Description The iconv program converts the encoding of characters in inputfile, or from the standard input if no filename is specified, from one coded character set to another. The result is written to standard output unless otherwise specified by the –output option.
–from-code, -f encoding Convert characters from encoding.
–to-code, -t encoding Convert characters to encoding. If not specified the encoding corresponding to the current locale is used.
And for this reason when I discovered the math library, introduced with TikZ 3.0 almost a year ago, that allows us to use a syntax close to ordinary programming...
This is the second (and last) part of the tricks I found on StackExchange. First part began in the preceding issue.
We will begin by a personal trick, and end by some inquiry about my LaTeX Tips & Tricks.
After having looked at about 150 StackExchange pages of 50 topics (that sums up to about 7500 topics' names), I give you, in this article and in the next issue, the most interesting topics' answers to my eyes. Needless to say that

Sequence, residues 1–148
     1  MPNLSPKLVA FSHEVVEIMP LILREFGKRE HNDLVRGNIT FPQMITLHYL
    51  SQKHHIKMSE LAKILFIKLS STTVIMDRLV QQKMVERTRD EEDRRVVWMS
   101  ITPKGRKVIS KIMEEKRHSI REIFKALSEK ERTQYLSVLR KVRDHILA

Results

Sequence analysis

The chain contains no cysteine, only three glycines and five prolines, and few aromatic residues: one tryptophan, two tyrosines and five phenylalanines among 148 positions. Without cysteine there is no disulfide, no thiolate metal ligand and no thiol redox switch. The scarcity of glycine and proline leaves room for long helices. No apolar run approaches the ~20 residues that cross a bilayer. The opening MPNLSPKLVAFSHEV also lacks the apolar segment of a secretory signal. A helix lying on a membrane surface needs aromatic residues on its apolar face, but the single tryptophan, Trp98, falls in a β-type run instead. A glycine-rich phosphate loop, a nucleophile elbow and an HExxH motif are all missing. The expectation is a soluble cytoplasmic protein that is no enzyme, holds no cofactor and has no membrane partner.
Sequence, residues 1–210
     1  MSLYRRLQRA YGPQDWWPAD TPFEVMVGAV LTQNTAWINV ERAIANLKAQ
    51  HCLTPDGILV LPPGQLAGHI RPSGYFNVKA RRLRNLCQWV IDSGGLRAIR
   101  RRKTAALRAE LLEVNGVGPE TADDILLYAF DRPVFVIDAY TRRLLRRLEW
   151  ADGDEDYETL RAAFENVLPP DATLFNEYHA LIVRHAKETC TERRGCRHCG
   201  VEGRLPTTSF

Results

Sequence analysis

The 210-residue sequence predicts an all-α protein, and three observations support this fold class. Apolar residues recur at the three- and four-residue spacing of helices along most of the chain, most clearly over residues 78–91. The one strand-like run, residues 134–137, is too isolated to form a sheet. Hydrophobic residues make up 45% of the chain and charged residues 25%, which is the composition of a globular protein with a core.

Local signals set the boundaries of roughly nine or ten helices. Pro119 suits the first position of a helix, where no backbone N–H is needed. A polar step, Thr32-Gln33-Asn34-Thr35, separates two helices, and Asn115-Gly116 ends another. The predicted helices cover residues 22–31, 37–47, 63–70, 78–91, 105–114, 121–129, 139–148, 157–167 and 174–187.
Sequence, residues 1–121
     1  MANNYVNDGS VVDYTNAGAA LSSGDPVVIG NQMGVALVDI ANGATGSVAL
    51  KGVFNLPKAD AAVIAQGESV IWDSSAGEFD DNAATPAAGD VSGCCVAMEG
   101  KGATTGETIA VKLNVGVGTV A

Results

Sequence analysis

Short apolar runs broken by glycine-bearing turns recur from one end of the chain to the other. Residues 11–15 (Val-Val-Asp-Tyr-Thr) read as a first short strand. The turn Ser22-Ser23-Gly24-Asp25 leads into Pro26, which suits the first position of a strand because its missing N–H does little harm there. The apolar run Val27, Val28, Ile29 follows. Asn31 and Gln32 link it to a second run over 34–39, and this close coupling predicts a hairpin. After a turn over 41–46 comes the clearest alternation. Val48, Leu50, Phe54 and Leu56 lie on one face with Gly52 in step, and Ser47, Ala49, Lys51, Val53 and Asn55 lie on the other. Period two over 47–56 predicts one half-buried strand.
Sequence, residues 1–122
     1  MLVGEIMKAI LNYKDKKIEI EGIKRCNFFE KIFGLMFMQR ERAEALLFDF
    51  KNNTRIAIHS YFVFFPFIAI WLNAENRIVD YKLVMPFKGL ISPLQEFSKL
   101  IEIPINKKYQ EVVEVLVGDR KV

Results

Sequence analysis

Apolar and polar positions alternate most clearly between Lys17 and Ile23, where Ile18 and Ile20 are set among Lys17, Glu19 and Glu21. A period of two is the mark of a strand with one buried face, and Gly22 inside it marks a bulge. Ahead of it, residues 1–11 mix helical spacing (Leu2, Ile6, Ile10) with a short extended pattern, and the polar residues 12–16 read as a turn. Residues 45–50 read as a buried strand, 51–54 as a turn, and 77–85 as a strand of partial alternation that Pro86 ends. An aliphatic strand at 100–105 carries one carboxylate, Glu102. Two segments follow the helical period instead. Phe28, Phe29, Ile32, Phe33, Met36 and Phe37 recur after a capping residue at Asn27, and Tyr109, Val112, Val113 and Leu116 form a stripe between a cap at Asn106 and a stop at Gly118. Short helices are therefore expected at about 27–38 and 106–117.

I did not read each topic on StackExchange,
I selectioned the ones I decided to read based on the topics' respective titles,
The topics that have not been considered here are not necessarily uninteresting! Moreover, I did not find a lot of uninteresting topics.
We will first begin by two additions in regard...Read more...
This is the Xth edition of my TUGboat `Tips & Tricks.' This time, we shall first see how to write `dancing text,' roman numerals, how to draw under and over braces on same elements, and how to display aligned (in)equations systems. We will then end by discussing on BibLaTeX and Biber, which constitute a promising alternative to BibTeX.